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Chinese government orders all North Korean firms to close in China

The Chinese government has ordered all North Korean companies based in the country to close as a result of UN sanctions over Pyongyang’s latest nuclear missile tests.

China’s commerce ministry said on Thursday that North Korean firms or joint ventures in China will be shut within 120 days of the UN decision, which was announced on 12 September.

The move comes amid intense international pressure on China to act to rein-in its neighbour.

Beijing had previously ordered banks to stop working with the North Korean regime following US concerns the Chinese government wasn’t being tough enough on the North Korean nuclear threat.

China is North Korea’s main trading partner, making the success of UN sanctions dependent upon Beijing’s cooperation, and the latest sanctions are a clear indication of China’s growing frustration at Kim Jong Un’s regime.

This week, North Korea said it was “inevitable” that its rockets would hit the US mainland in future, and said remarks by Donald Trump amounted to a “declaration of war”.

At a news conference the US President had said: “We are totally prepared for the second option, not a preferred option. But if we take that option, it will be devastating, I can tell you that, devastating for North Korea. That’s called the military option. If we have to take it, we will.”

Overseas Chinese joint ventures with North Korean entities or individuals will also be closed, China’s commerce ministry said in a statement on its website, but it did not provide a timeframe, according to Reuters.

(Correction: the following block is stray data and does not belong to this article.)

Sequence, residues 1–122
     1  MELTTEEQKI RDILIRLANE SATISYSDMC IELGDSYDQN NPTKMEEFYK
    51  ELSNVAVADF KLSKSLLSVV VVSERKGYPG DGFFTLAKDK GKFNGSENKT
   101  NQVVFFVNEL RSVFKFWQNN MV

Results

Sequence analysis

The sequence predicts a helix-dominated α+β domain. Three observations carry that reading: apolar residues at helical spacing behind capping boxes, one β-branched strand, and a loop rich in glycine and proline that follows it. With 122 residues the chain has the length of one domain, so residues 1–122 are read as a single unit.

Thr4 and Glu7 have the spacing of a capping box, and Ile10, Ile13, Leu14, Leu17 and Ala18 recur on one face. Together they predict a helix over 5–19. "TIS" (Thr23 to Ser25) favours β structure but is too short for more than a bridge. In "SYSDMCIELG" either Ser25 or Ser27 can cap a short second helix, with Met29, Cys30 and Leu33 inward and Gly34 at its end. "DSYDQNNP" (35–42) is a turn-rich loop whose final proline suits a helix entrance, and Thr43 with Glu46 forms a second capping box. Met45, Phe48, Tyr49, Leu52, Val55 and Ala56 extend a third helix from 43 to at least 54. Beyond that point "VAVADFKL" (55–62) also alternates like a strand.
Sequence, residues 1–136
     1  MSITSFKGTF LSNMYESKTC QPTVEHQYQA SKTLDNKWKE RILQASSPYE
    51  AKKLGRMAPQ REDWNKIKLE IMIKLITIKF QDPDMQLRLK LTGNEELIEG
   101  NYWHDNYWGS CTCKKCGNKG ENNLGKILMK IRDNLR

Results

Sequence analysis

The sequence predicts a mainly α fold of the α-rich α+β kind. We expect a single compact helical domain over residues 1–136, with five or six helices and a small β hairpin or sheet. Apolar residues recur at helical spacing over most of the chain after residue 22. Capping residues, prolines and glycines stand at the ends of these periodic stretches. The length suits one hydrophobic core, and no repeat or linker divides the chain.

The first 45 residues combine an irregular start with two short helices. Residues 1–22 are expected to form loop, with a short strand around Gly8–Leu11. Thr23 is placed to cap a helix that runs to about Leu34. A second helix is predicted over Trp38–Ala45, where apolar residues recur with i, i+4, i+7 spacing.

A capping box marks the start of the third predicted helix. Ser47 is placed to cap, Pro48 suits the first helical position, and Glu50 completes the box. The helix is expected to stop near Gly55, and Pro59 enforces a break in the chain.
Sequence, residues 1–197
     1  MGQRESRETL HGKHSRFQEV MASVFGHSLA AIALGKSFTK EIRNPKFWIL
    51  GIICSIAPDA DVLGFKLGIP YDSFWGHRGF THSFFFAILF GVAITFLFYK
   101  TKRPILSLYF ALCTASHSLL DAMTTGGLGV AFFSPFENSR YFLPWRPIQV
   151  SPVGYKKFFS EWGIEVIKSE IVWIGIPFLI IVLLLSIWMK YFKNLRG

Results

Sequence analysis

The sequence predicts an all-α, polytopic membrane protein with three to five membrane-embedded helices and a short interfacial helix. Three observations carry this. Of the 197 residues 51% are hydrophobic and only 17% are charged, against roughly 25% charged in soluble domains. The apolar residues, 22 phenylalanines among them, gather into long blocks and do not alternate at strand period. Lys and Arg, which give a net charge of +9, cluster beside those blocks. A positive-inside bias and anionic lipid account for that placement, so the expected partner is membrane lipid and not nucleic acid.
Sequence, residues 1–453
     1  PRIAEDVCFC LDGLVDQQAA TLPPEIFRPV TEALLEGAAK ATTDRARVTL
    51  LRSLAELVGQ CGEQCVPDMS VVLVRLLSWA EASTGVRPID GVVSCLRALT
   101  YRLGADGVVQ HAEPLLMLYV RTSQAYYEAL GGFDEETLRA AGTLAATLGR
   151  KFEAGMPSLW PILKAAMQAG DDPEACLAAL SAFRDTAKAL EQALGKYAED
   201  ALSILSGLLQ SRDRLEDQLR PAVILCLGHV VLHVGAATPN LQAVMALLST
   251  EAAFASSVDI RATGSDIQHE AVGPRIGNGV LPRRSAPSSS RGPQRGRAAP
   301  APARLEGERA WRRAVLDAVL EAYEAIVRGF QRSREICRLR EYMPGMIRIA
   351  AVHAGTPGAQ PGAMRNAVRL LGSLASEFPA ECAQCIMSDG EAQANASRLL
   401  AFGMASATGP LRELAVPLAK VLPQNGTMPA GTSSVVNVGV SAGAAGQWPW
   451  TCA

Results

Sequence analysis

The UN Security Council voted unanimously on 12 September to increase sanctions on North Korea, banning its textile exports and capping fuel supplies.

The UN action was triggered by North Korea’s sixth and largest nuclear test this month. It was the ninth Security Council sanctions resolution over North Korea’s ballistic missile and nuclear programmes since 2006.

China’s decision will be welcome news to the Trump administration. The US President described China’s earlier move to prevent banks working with North Korea as “very bold” and “somewhat unexpected”, and he thanked Chinese President Xi Jinping.
China, which provides most of North Korea’s energy supplies also announced on Saturday it would cut off gas and limit the amount of refined petroleum products it ships to the country. But the ministry made no mention of plans to reduce crude oil shipments, which make up a significant portion of the energy China supplied to North Korea, but is not covered by UN sanctions.

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